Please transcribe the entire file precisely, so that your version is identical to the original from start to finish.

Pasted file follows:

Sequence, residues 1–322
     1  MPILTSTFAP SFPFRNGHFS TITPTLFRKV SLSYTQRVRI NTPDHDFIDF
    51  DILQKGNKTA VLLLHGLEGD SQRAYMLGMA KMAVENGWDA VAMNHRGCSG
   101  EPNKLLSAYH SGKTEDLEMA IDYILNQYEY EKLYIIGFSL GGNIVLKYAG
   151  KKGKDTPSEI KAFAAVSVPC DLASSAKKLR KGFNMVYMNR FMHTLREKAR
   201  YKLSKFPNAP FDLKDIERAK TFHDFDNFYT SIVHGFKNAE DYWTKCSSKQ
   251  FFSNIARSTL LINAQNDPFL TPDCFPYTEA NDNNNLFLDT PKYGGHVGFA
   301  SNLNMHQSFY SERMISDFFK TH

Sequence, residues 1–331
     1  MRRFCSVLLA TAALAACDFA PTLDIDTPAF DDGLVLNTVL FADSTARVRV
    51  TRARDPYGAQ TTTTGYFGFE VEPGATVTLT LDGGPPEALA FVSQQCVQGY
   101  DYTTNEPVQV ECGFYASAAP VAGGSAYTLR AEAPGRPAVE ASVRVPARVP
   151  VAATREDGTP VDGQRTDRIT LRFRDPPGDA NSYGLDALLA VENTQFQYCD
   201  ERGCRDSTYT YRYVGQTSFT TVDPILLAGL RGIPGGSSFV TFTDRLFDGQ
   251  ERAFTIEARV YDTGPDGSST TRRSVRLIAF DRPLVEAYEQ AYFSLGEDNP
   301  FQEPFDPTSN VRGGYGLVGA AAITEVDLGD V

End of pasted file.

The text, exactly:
Sequence, residues 1–322
     1  MPILTSTFAP SFPFRNGHFS TITPTLFRKV SLSYTQRVRI NTPDHDFIDF
    51  DILQKGNKTA VLLLHGLEGD SQRAYMLGMA KMAVENGWDA VAMNHRGCSG
   101  EPNKLLSAYH SGKTEDLEMA IDYILNQYEY EKLYIIGFSL GGNIVLKYAG
   151  KKGKDTPSEI KAFAAVSVPC DLASSAKKLR KGFNMVYMNR FMHTLREKAR
   201  YKLSKFPNAP FDLKDIERAK TFHDFDNFYT SIVHGFKNAE DYWTKCSSKQ
   251  FFSNIARSTL LINAQNDPFL TPDCFPYTEA NDNNNLFLDT PKYGGHVGFA
   301  SNLNMHQSFY SERMISDFFK TH

Sequence, residues 1–331
     1  MRRFCSVLLA TAALAACDFA PTLDIDTPAF DDGLVLNTVL FADSTARVRV
    51  TRARDPYGAQ TTTTGYFGFE VEPGATVTLT LDGGPPEALA FVSQQCVQGY
   101  DYTTNEPVQV ECGFYASAAP VAGGSAYTLR AEAPGRPAVE ASVRVPARVP
   151  VAATREDGTP VDGQRTDRIT LRFRDPPGDA NSYGLDALLA VENTQFQYCD
   201  ERGCRDSTYT YRYVGQTSFT TVDPILLAGL RGIPGGSSFV TFTDRLFDGQ
   251  ERAFTIEARV YDTGPDGSST TRRSVRLIAF DRPLVEAYEQ AYFSLGEDNP
   301  FQEPFDPTSN VRGGYGLVGA AAITEVDLGD V